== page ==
Tim Lee makes the excellent point that the country already has some experience with the All Discretion to the Executive model of electronic surveillance that the GOP, the Blue Dog Caucus, The Washington Post and others seem so eager to implement:
Martin Luther King was the most famous of the dozens of anti-war activists, civil rights leaders, journalists, and other undesirables whose communications were bugged by the Johnson and Nixon administration. There's no evidence that the Bush administration has done anything like that. But if we eliminate meaningful judicial oversight of the executive branch's surveillance activities, there's every reason to think that a future administration will.
And of course the absence of evidence about abusive uses of the illegal surveillance program may say more about our general ignorance of the program than about the administration's probity. We know that the "rendition" program has been against innocent people and to extract false confessions designed to bolster bogus administration talking points about Iraq/al-Qaeda links, so there's plenty of reason to worry. But even if Bush has conducted his secret illegal surveillance in the most ethical possible way to conduct secret illegal surveillance, Tim's right to say that future administrations almost certainly won't. Nixon's gross abuses built on a platform of surveillance that grew slowly-but-surely over the decades across several different administrations.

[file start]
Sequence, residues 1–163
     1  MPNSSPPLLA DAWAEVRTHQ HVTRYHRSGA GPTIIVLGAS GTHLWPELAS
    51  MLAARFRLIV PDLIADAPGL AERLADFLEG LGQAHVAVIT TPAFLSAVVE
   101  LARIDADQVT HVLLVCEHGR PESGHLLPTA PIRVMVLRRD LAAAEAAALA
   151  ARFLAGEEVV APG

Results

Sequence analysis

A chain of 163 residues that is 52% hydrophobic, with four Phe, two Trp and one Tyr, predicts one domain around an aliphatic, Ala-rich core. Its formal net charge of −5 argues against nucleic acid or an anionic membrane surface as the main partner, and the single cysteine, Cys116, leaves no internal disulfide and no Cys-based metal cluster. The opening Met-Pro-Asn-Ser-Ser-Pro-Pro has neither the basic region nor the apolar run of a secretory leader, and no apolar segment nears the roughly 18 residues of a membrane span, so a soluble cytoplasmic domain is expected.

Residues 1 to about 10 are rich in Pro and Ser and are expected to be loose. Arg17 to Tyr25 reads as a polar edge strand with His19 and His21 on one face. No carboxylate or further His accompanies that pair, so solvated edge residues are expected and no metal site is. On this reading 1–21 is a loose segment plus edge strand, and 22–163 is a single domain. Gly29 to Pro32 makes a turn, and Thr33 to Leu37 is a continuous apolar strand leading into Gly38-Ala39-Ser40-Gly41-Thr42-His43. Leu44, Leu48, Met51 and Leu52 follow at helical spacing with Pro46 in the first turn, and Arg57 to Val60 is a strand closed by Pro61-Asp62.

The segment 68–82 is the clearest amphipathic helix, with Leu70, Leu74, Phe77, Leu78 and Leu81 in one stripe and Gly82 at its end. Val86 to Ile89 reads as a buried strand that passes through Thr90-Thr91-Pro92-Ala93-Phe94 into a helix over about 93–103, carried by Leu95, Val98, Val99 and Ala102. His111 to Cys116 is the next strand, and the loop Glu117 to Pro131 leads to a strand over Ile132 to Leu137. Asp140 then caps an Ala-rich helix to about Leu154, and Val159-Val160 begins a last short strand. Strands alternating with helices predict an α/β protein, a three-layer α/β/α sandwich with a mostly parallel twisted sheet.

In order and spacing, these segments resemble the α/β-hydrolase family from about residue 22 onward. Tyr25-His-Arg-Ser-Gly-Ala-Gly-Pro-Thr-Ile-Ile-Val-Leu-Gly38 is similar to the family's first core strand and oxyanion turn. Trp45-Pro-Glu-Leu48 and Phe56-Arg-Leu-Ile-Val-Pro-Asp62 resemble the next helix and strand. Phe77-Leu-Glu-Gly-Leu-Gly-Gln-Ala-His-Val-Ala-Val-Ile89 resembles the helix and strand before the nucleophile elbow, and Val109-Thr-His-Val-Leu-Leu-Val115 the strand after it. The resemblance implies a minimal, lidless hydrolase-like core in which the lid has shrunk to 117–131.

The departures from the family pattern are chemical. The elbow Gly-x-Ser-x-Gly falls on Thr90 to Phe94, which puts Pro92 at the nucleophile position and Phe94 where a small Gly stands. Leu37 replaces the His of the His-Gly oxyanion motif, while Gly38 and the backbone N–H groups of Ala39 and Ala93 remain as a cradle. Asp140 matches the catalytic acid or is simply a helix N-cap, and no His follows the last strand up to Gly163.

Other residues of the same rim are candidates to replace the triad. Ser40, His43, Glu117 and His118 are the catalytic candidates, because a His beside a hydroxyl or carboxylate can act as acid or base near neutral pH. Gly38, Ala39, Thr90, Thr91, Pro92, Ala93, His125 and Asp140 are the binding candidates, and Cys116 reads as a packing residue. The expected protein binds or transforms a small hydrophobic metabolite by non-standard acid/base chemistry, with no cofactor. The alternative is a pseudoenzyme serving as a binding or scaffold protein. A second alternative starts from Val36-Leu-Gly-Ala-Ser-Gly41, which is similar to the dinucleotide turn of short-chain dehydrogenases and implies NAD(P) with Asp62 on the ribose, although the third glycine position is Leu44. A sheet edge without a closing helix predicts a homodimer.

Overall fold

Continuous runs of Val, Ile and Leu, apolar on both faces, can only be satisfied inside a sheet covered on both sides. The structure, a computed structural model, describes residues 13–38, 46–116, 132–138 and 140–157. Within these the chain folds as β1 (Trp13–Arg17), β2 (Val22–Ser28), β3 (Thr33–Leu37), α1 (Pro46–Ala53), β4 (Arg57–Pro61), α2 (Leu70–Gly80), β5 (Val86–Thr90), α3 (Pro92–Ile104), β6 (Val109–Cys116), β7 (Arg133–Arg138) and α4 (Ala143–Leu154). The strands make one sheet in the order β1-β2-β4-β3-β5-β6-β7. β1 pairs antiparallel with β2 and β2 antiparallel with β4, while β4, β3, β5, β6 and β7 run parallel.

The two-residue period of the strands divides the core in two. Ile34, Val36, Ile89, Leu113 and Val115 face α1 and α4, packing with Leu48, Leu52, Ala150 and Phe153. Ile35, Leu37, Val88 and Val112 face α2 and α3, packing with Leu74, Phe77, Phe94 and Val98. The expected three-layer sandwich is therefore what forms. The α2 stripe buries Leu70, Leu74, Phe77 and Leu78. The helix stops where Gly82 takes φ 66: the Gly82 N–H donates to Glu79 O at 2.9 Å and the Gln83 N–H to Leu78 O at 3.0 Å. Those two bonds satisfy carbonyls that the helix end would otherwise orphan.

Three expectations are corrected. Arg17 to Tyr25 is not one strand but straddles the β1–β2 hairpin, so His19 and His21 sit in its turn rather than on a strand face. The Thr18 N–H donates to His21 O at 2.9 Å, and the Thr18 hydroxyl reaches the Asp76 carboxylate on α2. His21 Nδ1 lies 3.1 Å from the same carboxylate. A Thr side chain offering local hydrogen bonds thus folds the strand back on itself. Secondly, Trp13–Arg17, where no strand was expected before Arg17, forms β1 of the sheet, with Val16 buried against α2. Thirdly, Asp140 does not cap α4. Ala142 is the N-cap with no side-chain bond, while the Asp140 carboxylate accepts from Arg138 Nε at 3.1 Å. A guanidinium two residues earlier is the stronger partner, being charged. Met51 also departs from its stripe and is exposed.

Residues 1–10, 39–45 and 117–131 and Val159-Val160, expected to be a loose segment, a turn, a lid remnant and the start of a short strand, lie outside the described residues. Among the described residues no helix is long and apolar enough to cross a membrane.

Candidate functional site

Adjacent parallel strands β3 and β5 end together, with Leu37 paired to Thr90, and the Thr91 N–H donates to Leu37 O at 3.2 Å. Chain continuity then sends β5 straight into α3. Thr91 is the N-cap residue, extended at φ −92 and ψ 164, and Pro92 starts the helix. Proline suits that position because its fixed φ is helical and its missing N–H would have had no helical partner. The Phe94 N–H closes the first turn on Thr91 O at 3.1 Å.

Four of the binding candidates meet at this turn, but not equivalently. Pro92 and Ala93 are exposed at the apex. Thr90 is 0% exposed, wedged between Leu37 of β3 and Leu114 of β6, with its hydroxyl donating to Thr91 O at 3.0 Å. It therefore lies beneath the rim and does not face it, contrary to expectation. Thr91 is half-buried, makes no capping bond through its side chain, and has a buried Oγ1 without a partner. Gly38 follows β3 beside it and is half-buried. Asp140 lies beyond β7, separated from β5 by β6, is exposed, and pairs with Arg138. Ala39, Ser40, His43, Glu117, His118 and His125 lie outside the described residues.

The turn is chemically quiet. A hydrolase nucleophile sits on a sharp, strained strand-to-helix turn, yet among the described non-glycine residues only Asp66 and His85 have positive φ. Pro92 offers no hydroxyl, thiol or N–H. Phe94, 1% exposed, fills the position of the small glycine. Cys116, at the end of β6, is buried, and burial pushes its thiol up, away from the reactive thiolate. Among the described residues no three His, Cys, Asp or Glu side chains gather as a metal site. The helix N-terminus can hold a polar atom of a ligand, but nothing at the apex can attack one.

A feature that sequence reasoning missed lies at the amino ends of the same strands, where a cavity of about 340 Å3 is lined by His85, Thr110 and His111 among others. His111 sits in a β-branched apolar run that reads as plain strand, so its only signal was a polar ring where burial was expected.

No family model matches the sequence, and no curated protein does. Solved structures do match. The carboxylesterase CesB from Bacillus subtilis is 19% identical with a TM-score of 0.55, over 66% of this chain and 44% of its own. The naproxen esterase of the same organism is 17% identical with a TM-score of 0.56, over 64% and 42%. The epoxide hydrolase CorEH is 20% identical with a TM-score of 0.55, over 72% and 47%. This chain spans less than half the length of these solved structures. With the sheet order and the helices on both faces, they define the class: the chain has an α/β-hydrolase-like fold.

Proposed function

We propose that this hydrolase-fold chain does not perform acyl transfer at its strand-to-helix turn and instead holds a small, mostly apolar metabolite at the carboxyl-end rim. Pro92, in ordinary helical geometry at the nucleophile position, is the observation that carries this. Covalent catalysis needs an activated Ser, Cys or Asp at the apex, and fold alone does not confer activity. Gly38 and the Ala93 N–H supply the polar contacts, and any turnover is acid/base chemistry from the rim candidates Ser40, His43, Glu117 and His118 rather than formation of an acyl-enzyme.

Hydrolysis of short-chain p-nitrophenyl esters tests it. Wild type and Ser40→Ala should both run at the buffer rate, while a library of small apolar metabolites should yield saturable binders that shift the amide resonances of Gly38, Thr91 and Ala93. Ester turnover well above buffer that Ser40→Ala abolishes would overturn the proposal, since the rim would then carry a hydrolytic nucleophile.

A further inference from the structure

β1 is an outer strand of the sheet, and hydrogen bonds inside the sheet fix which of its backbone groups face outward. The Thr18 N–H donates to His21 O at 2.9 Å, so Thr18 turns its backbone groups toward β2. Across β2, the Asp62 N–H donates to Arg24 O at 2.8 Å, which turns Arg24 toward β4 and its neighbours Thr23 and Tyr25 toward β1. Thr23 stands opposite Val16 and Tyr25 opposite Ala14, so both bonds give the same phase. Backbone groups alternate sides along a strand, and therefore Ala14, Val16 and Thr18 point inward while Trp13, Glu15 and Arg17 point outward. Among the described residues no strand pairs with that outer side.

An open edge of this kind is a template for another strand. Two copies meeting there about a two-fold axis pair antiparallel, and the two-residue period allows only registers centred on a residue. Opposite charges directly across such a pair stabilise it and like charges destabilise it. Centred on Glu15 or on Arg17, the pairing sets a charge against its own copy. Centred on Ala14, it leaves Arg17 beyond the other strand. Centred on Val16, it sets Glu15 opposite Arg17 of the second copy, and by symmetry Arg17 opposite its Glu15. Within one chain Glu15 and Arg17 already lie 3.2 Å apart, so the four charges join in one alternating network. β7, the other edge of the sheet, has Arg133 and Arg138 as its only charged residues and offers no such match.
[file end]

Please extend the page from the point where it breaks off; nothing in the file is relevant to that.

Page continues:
Photo by Flickr user djbrady used under a Creative Commons license